This article discusses the challenge of the unexpected growth of a positive biological indicator in a chemical decontamination cycle. Specific features to be considered regarding biological indicators used for the validation of decontamination cycles are presented. Some practical solutions are suggested to avoid the risks related to false positives.
An undesiderable event that might have happened to many, is the unexpected growth of a biological indicator (BI) at the end of a decontamination cycle when, a positive result is highly improbable. How best to face this situation? If a single BI were used to provide answers for each position, a deep analysis of the failing cause would not be possible,
thus maintaining the dilemma: “is it an inadequate cycle or a defective BI?” In that situation, even a statistical analysis would be unfeasible. But, the application of, at least, two or three BIs per point might help overcoming the difficulty.
Biological indicators produced and used to validate a chemical decontamination cycle, as
with hydrogen peroxide, have specific features. Being a surface agent, the vaporized hydrogen peroxide is not able to penetrate the deeper layers of the material unless the indicators form a monolayer of spores deposited on the chosen substrate. This way, the biological indicator spores on the substrate are easily reachable by the chemical
agent making possible to assess its microbiological effectiveness. Otherwise, the peroxide would be effective only on the top layer of spores with the risk of false positives at the end of the incubation period.
The inaccurate preparation of BIs or inappropriate conservation storage conditions could entail the deposit of accumulated spores unreachable by the hydrogen peroxide. Therefore, the application of more than one BI per position becomes beneficial to help determine the cause of a positive output and to evaluate the reduction of the microbial level reached. For example, considering a position where 3 (three) BIs had been placed and supposing that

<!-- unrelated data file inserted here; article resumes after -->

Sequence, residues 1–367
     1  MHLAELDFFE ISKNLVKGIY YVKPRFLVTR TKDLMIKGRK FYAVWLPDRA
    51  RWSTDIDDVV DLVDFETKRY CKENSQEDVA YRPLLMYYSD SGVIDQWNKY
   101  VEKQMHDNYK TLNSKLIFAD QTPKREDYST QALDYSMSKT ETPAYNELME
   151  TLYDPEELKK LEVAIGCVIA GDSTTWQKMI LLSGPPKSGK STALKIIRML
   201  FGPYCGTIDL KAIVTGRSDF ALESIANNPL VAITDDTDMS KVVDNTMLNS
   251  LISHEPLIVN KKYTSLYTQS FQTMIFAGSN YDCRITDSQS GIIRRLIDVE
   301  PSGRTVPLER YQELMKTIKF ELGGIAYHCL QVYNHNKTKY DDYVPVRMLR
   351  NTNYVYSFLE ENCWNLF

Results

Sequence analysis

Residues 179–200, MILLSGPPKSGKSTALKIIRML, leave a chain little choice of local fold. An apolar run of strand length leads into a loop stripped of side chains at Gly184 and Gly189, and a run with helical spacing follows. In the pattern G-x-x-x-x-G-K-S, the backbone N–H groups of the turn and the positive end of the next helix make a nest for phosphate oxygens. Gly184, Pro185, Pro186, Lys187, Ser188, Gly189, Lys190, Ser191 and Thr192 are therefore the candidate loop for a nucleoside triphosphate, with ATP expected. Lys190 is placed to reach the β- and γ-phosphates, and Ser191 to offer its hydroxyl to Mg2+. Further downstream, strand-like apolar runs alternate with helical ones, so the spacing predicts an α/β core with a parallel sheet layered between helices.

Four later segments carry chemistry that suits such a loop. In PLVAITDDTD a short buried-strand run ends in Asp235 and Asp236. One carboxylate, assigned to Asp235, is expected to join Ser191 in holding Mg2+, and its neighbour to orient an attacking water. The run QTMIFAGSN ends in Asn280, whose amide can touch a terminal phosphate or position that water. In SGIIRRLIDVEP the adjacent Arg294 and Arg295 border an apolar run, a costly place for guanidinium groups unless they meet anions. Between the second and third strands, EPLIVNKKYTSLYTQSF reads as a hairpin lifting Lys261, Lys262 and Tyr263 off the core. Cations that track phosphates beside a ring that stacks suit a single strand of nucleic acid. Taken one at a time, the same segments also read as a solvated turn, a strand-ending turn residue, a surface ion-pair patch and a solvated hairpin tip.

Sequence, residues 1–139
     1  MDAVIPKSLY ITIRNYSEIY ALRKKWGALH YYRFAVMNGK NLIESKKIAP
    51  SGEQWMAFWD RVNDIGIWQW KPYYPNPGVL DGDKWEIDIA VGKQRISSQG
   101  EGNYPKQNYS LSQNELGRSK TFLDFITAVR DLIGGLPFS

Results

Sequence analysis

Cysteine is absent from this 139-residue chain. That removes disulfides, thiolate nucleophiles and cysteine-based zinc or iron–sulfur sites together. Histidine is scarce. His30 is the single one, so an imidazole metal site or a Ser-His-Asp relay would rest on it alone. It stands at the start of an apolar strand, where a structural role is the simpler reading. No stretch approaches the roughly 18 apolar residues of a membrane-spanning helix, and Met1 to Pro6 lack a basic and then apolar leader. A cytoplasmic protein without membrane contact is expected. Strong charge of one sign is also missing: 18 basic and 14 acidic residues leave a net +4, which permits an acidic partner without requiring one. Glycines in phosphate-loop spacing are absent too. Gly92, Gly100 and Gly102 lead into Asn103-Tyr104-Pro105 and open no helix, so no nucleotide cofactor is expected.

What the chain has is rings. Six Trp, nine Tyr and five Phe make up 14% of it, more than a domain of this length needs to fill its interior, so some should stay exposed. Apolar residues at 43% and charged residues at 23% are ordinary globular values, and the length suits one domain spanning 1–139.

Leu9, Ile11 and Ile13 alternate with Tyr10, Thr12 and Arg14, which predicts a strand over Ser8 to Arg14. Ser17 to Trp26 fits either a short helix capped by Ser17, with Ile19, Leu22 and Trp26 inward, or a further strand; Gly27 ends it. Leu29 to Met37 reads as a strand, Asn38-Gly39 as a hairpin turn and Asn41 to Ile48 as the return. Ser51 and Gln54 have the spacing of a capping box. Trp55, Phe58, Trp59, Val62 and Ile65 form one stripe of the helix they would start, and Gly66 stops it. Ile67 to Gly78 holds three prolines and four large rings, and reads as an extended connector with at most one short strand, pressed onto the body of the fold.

the result obtained was: + – – , the challenge in this case lies on the attribution of the positive result to the BI rather than to the cycle conditions.
At this point, it becomes fundamental to repeat the cycle to confirm the result. For this specific case, the Halvorson-Ziegler equation may be applied. It allows the calculation of the Most Probable Number (MPN) of microorganisms surviving in a positive sample with confirmation of the Spore Log Reduction (SLR). The equation can be statistically applicable only with the use of multiple BIs per location.
How to apply it?
The Halvorson-Ziegler equation is the following:
MPN = ln (n/r), where:
ln = natural logarithm function
n = number of replies per point
r = number of negative results per point
Applied to the above-mentioned case (+ – -):
MPN= ln (3/2) = 0,405
It is possible to correlate the Most Probable Number (MPN) to the initial population of
inoculated spores in order to determine the Spore Log Reduction (SLR) achieved during the cycle. The obtained SLR is actually a result of the following equation:
SLR = Log₁₀ N₀ – Log₁₀ MPN
N₀ = initial quantity of spores for each inoculated substrate
From which, if N₀ were equal to 2.8 x 106
SLR = 6.447 – (- 0.393) = 6.840 SLR achieved in the case (+ – -).
It is important to highlight that if the obtained result were, for example, (+ + -), the SRL achieved would correspond to 6.406.
In both cases, despite one or more positive growth results, the SRL calculation is able
to meet the requirements, for example of the U.S. Pharmacopeia (USP), which defines a decontamination level of 3 to 4 logarithm reduction in spore population as acceptable
performance. On the contrary, if a single BI were placed and a positive result achieved, it would not be possible to determine the logarithm reduction and whether to accept or not the microbial result.
The practice of several BIs positioned at the same place enables greater clarity as to the cause of positive results and to investigate the hypotheses of false positives. At the same time, it allows the assessment of the reduction extent of the microbial load.
By M. L. Bernuzzi,
Manager, R&D, Fedegari Autoclavi SpA